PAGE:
August 24, 2020

First Day: 5 Tips to Make the Most of Day 1

By B&SC News Team

First Day: 5 Tips to Make the Most of Day 1

Even though you’re not showing up in person, how you approach your first day of online learning will set the tone for the semester and your class experience. Here’s what you need to know to put your best virtual foot forward from day one.

Complete Your Orientation Here’s your starting point. Your online orientation will cover all of the basic information you need to be ready for your first day. It will introduce Blackboard, the system your online learning will be based on. You’ll learn about the online bookstore, the library, how to find scholarly documents and more on setting yourself up for success. This should take roughly an hour to an hour and a half. Once you’ve completed orientation, you’ll be ready to log in.

Logging In It’s not just a matter of knowing your login, said Ann Shaul, admissions manager for Bryant & Stratton College Online. The online schedule can be a little confusing for first-time students. Because classes run 7.5 weeks, the full roster doesn’t show up that first day, she said.

“When they get into BSC Learn, they only see two of the four classes,” she said. “We get these calls of, ‘Where are my other classes?’ You won’t see them till the next session.”

Be sure you look at the main course page, said Brandy McDonough, associate dean of instruction at online. Your instructor will likely have an announcement posted. It’s a good place to start every time you log in because that’s where important information will be posted, she said. Two days before week one starts, you can get into the introductory folder, which will include documents like supplemental syllabus, tracking calendar, office hours, course materials, grading structure, late policy and other things you need to know about that specific class, she said.

“When students log in week one, that Wednesday, they’ll have access to lecture materials,” McDonough said. “It’s really important for a student to begin right there with that lecture content.”

Know the Lingo Be sure you know the difference between an address bar (where you type in a URL) and a search bar (where you enter search terms on Google, Yahoo, etc.). Know your computer’s operating system (Windows XP, Windows 8, Windows 7, etc.). If you run into trouble, that will be one of the first questions the help desk attendee will ask, Shaul said. You also need to know your browsers; Blackboard is only supported in Firefox, which you can download for free.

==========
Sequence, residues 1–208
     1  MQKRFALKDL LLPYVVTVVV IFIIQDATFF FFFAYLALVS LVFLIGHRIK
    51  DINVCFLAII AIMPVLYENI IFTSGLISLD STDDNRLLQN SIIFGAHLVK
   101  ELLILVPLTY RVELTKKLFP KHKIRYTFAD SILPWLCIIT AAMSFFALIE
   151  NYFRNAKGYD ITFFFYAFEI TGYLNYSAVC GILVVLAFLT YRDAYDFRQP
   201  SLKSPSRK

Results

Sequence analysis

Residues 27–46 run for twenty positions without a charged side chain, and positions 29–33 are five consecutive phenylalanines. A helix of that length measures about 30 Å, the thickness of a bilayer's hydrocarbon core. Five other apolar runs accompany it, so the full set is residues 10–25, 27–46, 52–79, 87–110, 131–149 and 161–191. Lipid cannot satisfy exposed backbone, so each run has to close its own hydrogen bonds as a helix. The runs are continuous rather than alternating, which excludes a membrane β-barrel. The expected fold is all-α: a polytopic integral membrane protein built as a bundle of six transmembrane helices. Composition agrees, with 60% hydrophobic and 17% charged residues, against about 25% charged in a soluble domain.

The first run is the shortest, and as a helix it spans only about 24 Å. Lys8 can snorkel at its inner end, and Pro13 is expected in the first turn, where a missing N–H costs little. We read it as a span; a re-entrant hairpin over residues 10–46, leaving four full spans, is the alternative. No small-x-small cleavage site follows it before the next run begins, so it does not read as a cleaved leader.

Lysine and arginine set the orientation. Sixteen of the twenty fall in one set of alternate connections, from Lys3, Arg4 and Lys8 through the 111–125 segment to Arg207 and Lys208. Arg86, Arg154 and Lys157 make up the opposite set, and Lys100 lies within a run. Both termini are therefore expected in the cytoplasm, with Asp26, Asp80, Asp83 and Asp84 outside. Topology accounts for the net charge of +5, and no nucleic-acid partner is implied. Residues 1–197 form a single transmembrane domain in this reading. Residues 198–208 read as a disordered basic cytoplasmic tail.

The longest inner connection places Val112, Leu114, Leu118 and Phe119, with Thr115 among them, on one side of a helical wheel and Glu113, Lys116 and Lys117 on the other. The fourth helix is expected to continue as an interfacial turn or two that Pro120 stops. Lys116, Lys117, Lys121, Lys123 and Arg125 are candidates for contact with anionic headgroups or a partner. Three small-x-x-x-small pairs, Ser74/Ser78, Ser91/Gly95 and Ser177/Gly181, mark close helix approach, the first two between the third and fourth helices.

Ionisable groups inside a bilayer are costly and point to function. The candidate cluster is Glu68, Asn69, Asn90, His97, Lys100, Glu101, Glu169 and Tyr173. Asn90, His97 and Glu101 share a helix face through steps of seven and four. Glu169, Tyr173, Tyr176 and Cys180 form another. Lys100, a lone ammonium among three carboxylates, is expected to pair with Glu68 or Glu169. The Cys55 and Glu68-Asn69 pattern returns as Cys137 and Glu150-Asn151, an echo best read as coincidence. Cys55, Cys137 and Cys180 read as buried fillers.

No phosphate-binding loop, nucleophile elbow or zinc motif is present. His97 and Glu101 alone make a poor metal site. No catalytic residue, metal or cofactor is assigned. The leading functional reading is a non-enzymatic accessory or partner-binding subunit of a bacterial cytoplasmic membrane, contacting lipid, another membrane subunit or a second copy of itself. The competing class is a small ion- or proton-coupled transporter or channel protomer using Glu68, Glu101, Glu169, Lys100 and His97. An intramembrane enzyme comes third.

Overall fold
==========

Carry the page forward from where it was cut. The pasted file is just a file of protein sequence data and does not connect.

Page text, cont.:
“Definitely terminology is very, very helpful,” Shaul said.

Budgeting Time Shaul suggests you plan to spend 12-15 hours per week on each class, and that you be prepared to start working on the first day.

“That’s super-important,” she said. “People just don’t realize the amount of time it takes, especially for online classes.”

You may find you need more or less time depending on the subject and work flow, but 12-15 hours is a reasonable starting point, she said. Depending on your academic strengths, you may find far more or far less will get the job done, so take note of how quickly you work through that first week. McDonough suggests you plan to hit the books the first part of the week.

“Reading early in the week is very important to set students up for success,” she said. Once the reading is done, you’re in a better position to write and respond to posts, she said.

Be Ready to Work You’ll be expected to start your posts immediately, Shaul said. For most classes, the initial discussion will be some kind of icebreaker. She recommends students write and save a basic introduction that’s about 300 words and describes your background, your interests, your career goals and other basic info. There may be some minor differences in that initial question for different classes, but your mini-bio will come in handy for each session.

“Each instructor will have their own version, but by having that first blurb about yourself, it saves you so much time when you’re logging into classes,” she said.

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